Sometimes gratitude is hard.
Yesterday a friend of mine texted me a link to an online gratitude course, with the reminder: “We all need gratitude!” and my immediate thought was, “Nope, not today we don’t.”
And I closed that text like a cyber hot potato.
I felt a fleeting twinge of guilt. Because practicing gratitude is so good, and so important, and so helpful.
I know this.
But yesterday I was feeling frustrated and useless and hurried and scattered and a little resentful in my to-doing, as I clown danced through my day in an attempt to keep my 15-month-old son occupied while also getting something of real substance, besides child rearing and caring, done in my life.
Good luck with that.
The idea of wrangling all of my frenzied feelings into some kind of holding cell where they would sit quietly, while I stood outside the door zen-ing out on gratitude made my skin crawl. I didn’t want to do it—not even a little bit.
I just wanted to survive the day, to accomplish something besides another passionate reading of “Polar Bear, Polar Bear,” and—now that I had read my friend’s text—to not feel guilty for not wanting to be grateful. That. Is. All.
My screw you gratitude attitude reminded me of one of my favorite Rumi poems, “The Guest House,” which is a true keeper and a compass.
In it Rumi says—and I’m paraphrasing poorly—that being human is like being a guest house, and every day there’s a new arrival. Joy. Sadness. Anger. Regret. And we should welcome them all—even the dark, difficult feelings—as esteemed guests, because each is a guide from beyond.
Yesterday my entire house—entryway, kitchen, living room, and porch—was a raging party of mostly very difficult guests.
Trying to force myself to be grateful—or positive or joyful—when I’m experiencing anything but, is rarely the answer for me.
But being with—and accepting—who I actually am in the moment, is.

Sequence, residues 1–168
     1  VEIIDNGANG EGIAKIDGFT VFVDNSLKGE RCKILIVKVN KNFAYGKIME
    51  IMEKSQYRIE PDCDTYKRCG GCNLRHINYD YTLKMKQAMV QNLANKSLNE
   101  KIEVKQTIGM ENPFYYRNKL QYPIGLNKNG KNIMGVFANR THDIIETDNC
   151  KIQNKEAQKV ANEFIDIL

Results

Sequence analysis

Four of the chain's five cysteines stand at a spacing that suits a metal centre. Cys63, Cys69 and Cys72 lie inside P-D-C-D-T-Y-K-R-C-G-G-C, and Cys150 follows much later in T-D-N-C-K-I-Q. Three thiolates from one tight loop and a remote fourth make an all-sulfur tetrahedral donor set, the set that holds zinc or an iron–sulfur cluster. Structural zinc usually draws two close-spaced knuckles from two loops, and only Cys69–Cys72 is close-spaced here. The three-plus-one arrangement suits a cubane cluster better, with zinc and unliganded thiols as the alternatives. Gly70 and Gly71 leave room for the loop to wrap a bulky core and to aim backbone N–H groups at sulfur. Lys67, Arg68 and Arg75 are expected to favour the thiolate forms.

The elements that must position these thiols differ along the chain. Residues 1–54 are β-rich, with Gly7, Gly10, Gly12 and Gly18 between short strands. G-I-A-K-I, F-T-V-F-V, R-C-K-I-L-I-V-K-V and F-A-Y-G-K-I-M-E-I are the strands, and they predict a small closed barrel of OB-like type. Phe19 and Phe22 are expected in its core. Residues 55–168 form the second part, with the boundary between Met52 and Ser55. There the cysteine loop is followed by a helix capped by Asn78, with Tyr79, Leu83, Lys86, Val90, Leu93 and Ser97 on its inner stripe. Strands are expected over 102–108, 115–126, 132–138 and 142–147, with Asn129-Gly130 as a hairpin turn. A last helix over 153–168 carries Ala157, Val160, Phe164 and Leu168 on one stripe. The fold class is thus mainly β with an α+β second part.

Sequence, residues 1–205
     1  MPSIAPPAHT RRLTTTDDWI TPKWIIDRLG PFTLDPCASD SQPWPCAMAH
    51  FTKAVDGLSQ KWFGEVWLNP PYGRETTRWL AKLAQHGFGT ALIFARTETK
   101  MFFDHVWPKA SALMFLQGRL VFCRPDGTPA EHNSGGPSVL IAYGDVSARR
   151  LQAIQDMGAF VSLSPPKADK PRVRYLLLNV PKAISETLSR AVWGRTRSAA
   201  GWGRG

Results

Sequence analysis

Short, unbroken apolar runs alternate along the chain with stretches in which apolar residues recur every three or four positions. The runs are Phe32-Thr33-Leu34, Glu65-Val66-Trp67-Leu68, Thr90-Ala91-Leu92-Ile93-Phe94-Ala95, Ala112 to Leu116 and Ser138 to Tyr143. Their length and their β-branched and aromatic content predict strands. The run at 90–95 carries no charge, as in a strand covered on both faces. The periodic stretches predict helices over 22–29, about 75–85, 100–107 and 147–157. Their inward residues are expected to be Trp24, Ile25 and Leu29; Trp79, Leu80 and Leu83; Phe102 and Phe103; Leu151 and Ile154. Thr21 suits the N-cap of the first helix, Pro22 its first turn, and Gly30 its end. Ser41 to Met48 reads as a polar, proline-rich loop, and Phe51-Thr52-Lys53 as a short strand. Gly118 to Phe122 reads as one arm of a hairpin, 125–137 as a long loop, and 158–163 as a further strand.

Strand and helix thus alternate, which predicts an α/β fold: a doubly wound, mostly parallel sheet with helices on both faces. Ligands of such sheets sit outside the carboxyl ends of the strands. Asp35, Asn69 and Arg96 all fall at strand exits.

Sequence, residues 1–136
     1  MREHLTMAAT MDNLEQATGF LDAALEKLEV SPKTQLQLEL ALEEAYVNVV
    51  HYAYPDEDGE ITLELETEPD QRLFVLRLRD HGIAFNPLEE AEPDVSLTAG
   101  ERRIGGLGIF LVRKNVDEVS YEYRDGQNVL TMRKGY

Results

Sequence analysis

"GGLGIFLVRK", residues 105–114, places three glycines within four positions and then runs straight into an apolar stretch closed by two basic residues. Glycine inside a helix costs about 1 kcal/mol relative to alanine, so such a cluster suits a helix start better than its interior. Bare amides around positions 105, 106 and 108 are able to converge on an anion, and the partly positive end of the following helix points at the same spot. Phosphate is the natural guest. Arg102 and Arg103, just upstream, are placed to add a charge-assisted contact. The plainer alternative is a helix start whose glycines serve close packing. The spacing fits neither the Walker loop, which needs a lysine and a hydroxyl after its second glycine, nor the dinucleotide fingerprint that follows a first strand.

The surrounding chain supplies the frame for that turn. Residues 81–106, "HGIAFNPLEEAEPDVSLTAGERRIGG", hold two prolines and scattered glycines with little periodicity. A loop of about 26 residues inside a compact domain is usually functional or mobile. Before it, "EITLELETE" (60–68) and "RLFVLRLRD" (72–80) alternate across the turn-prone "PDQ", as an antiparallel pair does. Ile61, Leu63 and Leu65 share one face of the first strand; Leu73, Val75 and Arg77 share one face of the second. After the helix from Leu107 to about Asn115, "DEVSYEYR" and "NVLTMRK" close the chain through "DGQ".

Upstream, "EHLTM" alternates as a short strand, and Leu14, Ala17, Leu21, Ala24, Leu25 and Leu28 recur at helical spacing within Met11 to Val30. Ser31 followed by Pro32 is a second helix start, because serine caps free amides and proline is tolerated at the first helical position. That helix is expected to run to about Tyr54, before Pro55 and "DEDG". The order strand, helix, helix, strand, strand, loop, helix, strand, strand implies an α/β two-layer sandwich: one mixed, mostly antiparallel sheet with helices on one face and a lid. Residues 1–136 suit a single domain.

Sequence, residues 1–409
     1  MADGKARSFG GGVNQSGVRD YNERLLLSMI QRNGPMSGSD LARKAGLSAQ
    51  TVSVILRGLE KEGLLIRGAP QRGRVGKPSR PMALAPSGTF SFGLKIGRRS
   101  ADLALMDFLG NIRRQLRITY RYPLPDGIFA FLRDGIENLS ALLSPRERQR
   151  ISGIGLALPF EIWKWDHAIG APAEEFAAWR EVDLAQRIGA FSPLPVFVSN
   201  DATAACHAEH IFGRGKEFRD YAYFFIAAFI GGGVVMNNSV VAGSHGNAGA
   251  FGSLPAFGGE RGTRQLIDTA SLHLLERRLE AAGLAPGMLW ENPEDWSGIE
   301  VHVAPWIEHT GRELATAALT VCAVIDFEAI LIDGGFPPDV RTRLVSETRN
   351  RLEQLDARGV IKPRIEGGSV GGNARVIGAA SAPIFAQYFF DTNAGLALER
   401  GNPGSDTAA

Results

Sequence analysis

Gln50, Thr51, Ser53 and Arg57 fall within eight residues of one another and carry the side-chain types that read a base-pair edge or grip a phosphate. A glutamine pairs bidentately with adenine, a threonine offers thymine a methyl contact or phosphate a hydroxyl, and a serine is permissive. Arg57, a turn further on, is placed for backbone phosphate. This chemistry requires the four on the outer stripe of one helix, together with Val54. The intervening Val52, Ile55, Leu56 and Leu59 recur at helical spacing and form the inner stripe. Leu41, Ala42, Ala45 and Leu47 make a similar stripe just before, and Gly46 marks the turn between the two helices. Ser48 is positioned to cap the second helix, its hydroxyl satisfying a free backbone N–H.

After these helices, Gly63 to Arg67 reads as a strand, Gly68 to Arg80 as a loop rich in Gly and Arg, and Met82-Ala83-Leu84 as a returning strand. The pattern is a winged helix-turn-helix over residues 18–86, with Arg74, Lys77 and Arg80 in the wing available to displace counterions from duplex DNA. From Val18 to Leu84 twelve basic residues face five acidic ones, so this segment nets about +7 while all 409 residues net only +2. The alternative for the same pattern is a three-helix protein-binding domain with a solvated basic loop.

Pretending the hard and ugly stuff doesn’t exist by putting my happy face on would only be pretty on the outside. And that’s not real.
As Rumi says, we should welcome whoever comes to visit, “…even if they are a crowd of sorrows, who violently sweep your house empty of its furniture…” because they “might be clearing you out for some new delight.”
Yesterday came and went. I survived the day and my many emotions.
Then this morning as I sat alone on my front porch in the glorious quiet, while my house and the people in it still slept, I remembered my friend’s text about gratitude. And I closed my eyes and wondered, “Do I have space for you today?”
And I waited.
Sure enough the door swung open and gratitude slipped right inside.
I thought about my daughters and what a privilege it is to be their mother—to be raising strong girls who think critically, practice kindness, and who have so much to offer this world. I thought about my son and what a joy it is to love and nurture and chase his sweet little self, and I could genuinely feel how precious my time with him, during these early years, is—personal clown dancing included.
I thought about the old farmhouse I live in, and how much I like sitting on its porch, watching the sunrise or just taking in the beautiful landscape around me.
And I thought about my life—who I am, where I am, what I get to do everyday—and how lucky I am to just be here, alive, and living it.
And I really felt gratitude.
I wasn’t just checking a box, or scribbling words in a journal because it was something I was supposed to do.
Real gratefulness was alive and stirring inside of me—the kind that lifts a saggy spirit, the kind that pulses and moves, the kind that spreads softness and warmth from my heart to the tips of my fingers, and down to the soles of my feet.
I’m so glad I waited to have space inside me for the real thing.
And I’m relieved I didn’t pretend to be someone I wasn’t yesterday. Because the guests I was hosting then were just as important and esteemed as gratitude. In fact they might have cleared the way for it today, just like Rumi says.
And I am truly grateful—in a real way—for that, too.
The Guest House
This being human is a guest house.
Every morning a new arrival.
A joy, a depression, a meanness,
some momentary awareness comes
as an unexpected visitor.
Welcome and entertain them all!
Even if they are a crowd of sorrows,
who violently sweep your house
empty of its furniture,
still, treat each guest honorably.
He may be clearing you out
for some new delight.
The dark thought, the shame, the malice.
meet them at the door laughing and invite them in.
Be grateful for whatever comes.
because each has been sent
as a guide from beyond.
~ Jellaludin Rumi,
translation by Coleman Barks